In the present study, despite the high number of sites sequenced (1320 bp), the molecular divergence observed is low (0–4.15%), particularly among species with intermediate strategies (0–1.23%). As a comparison, pairwise sequence divergences ranged from 0.1 to 17% between 16 species of the genus Greya (Lepidoptera, COI-COII, Brown et al., 1994 ), from 0.1 to 13.1% between seven species of the genus Phratora (Coleoptera, COI, Köpf et al., 1998 ), and from 2 to 4.8% between six species of the Drosophila affinis subgroup, the most recent radiation in the D. obscura group (Diptera, COII, Beckenbach et al., 1993 ). In this latter study, authors gave a rough estimation of 1.6–3.5 Ma for this radiation. As Chiastocheta spp. show divergences of the same order of magnitude, and under the assumption that the evolutionary rate of mtDNA is not totally different between these two Diptera genera, the diversification of Chiastocheta spp. may have begun in the late Pliocene/early Pleistocene (about 2 Ma). According to Doroszewska (1974), T. europaeus came to Europe from Asia through the Balkans during the Miocene (23.5–5.3 Ma). Other taxa are thought to have migrated from Asia to Europe at this period (e.g. Dactylis spp., Stebbins & Zohary, 1959). The low molecular divergence found among Chiastocheta spp. associated with T. europaeus suggests that diversification of these species is much more recent than Trollius migration to Europe and that it did take place within the host plant. An alternative hypothesis is that speciation within the Chiastocheta genus occurred before or throughout radiation of a plant host clade including four Trollius Asiatic species and T. europaeus ( Pellmyr, 1992). Further molecular phylogenetic studies including Asiatic Chiastocheta species sequences would be necessary to test whether the European and Asiatic species form two separate clades, or are clustered together.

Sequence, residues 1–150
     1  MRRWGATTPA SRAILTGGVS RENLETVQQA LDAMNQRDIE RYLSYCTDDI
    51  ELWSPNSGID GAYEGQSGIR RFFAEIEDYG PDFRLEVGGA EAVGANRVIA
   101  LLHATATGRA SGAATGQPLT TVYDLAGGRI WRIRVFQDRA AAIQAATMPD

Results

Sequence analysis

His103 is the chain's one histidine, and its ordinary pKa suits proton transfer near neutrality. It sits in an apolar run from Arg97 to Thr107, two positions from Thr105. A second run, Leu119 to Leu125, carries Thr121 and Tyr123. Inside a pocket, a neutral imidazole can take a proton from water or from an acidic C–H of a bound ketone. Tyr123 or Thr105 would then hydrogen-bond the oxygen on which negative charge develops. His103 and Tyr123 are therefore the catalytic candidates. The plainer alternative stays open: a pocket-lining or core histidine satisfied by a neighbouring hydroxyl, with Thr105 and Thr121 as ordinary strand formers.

Given the phylogeny obtained, the most parsimonious hypothesis is that the ancestor of European Chiastocheta spp. did lay eggs on flowers (Fig. 4). This is consistent with the fact that most if not all other Chiastocheta species described so far lay eggs during flowering ( Pellmyr, 1992). From this flower-ovipositing ancestor, there was (1) separation of an oviposition strategy on young flowers, (2) separation of an oviposition strategy on fruits and (3) diversification of the four intermediate strategies.

At the beginning of its development, a larva of C. rotundiventris uses the basal part of the flower where there is no room for several larvae. This may explain why females of this species lay no more than one egg/flower in young flowers, which are more likely to be unoccupied. We do not know whether the use of receptacle is an ancestral or a derived trait in Chiastocheta. However, adoption or abandonment of the use of receptacle is likely to have profound effects on the evolution of the oviposition strategy. Plant specialization on a seed parasitic-pollinator requires external conditions like rarity of copollinators ( Thompson & Pellmyr, 1992) and also particular traits of the insect like local host specificity, pollination during oviposition and nonexcessive seed destruction ( Pellmyr et al., 1996b ). T. europaeus was associated early with a particularly mutualistic species, suggesting that favourable conditions for increasing plant specialization were present early in the association history. Specialization ultimately led to an obligate association: T. europaeus has a totally closed corolla which is unique in its genus, excluding all visitors but Chiastocheta.